Travel site extends animal welfare policy
TripAdvisor bans whale and dolphin show ticket sales
TripAdvisor is to stop selling tickets to whale, dolphin and porpoise tourist attractions.
Any commercial facility that either breeds or imports cetaceans for public display will be banned from sale on TripAdvisor and offshoot Viator.
The travel platform confirmed that it will “no longer sell tickets to, or generate revenue from, any attraction that continues to contribute to the captivity of future generations of cetaceans – whales, dolphins and porpoises.
“Products currently on sale and found to breach the new rules will be removed over the next few months, with the policy in full force by the end of 2019.”
However, the new policy will not apply to seaside sanctuaries that provide care to cetaceans already in captivity.
The ban follows an “extensive consultation process” with experts, including marine biologists, zoologists and conservationists.
It represents an extension of TripAdvisor’s animal welfare policy, first adopted in 2016. The policy already commits to not selling tickets to experiences where travellers come into physical contact with captive wild animals, such as elephant ride and tiger petting experiences.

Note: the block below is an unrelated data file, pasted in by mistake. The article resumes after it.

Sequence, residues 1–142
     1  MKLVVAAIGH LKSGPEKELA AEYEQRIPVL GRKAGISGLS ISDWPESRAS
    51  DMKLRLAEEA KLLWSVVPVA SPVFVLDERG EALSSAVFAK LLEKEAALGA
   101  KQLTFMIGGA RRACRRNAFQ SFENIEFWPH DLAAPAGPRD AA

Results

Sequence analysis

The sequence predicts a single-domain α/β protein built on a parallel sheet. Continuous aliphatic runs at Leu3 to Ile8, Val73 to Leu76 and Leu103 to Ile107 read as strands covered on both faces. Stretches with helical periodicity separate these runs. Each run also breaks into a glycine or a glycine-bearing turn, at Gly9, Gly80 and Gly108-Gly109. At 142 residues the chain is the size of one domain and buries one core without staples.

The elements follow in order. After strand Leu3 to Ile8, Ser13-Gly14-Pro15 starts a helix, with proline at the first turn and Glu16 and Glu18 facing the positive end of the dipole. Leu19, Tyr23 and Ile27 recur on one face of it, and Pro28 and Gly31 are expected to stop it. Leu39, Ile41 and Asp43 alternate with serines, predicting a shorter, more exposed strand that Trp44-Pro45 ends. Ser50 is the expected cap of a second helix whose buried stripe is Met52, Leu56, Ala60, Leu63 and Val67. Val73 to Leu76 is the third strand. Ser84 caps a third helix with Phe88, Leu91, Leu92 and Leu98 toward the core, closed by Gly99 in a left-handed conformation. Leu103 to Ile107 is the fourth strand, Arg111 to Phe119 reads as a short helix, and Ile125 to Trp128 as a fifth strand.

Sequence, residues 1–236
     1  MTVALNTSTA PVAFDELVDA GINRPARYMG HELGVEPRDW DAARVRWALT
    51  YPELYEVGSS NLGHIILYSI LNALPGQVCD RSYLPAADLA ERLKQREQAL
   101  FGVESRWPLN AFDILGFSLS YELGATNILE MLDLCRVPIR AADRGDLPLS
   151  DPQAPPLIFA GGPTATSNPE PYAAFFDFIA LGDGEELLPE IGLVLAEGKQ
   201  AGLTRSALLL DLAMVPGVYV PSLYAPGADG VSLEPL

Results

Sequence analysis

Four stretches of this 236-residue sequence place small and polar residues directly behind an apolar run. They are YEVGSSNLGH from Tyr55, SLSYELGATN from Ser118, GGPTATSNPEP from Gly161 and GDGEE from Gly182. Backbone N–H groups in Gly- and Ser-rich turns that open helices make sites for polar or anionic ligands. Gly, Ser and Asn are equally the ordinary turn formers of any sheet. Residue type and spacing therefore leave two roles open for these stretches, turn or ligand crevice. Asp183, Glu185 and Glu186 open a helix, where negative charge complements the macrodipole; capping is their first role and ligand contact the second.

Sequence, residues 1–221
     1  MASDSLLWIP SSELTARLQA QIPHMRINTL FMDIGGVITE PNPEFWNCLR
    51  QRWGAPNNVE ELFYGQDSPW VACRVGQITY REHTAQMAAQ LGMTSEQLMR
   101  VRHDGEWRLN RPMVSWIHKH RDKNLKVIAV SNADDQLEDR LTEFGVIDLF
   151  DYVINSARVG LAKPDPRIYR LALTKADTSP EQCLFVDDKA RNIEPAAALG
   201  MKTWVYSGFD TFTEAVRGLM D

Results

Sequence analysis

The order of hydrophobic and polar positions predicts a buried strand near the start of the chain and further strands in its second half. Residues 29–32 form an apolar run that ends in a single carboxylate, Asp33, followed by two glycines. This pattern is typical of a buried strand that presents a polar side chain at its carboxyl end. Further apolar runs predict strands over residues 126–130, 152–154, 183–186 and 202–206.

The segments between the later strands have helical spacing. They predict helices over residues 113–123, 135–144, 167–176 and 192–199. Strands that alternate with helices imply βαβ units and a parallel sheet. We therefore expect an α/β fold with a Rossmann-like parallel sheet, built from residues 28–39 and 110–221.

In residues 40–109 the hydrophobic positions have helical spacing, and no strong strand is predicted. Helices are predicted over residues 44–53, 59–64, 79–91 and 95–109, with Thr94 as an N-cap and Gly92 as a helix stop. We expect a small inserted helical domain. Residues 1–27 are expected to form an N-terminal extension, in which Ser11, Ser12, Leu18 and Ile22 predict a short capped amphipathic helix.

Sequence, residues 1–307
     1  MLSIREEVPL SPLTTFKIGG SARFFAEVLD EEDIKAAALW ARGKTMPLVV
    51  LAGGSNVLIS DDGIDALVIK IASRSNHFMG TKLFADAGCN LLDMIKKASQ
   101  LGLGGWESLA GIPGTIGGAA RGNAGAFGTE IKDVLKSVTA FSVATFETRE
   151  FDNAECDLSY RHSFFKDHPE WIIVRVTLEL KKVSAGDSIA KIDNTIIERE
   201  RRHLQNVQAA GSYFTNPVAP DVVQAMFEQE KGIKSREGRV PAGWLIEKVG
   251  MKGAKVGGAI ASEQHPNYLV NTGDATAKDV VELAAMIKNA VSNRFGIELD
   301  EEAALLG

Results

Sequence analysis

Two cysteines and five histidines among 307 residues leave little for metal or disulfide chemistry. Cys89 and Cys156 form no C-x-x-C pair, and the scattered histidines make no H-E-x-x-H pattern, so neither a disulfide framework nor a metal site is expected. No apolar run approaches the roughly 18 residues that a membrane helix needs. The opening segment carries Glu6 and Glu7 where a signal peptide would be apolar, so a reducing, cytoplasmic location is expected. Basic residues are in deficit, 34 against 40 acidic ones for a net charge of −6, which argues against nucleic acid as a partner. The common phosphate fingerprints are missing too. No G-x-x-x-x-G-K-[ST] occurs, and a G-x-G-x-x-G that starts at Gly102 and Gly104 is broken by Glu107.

Animal shows and performances deemed to be demeaning were banned from sale last year.
TripAdvisor experiences and rentals president Demor Halpin said: “The extensive evidence presented to us by the experts was compelling.
“Whales and dolphins do not thrive in limited captive environments, and we hope to see a future where they live as they should – free and in the wild.
“We believe the current generation of whales and dolphins in captivity should be the last, and we look forward to seeing this position adopted more widely throughout the travel industry.”
He added: “Our aim is not only to prevent future generations of whales and dolphins from being raised in captivity, but also to encourage the industry to move towards alternative models, like seaside sanctuaries, that will better provide for the needs of the current captive population.
“Seaside sanctuaries have enormous potential, but they need more backing from the tourism industry.
“As long as facilities with captive whales and dolphins continue to profit from keeping these animals in smaller, cheaper and less natural living environments, then they don’t have enough incentive to adopt serious change. We hope our announcement can help turn the tide.”
The company defines a seaside sanctuary as a natural body of coastal water, such as a bay or a cove, that houses cetaceans in as close to a natural environment as possible while providing protection and oversight from qualified husbandry and veterinary staff.
“Seaside sanctuaries must adhere to a strict no-breeding policy, must not train their animals to perform in any shows or performances for public display, and must prohibit all forms of physical interaction between guests and the animals, including any in-water guest experiences,” according to TripAdvisor policy.